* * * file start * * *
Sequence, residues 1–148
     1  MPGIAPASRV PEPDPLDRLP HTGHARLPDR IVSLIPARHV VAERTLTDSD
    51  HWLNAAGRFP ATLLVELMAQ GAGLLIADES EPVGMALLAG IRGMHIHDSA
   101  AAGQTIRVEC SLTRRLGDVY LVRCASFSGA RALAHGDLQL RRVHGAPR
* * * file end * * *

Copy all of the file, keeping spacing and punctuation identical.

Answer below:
Sequence, residues 1–148
     1  MPGIAPASRV PEPDPLDRLP HTGHARLPDR IVSLIPARHV VAERTLTDSD
    51  HWLNAAGRFP ATLLVELMAQ GAGLLIADES EPVGMALLAG IRGMHIHDSA
   101  AAGQTIRVEC SLTRRLGDVY LVRCASFSGA RALAHGDLQL RRVHGAPR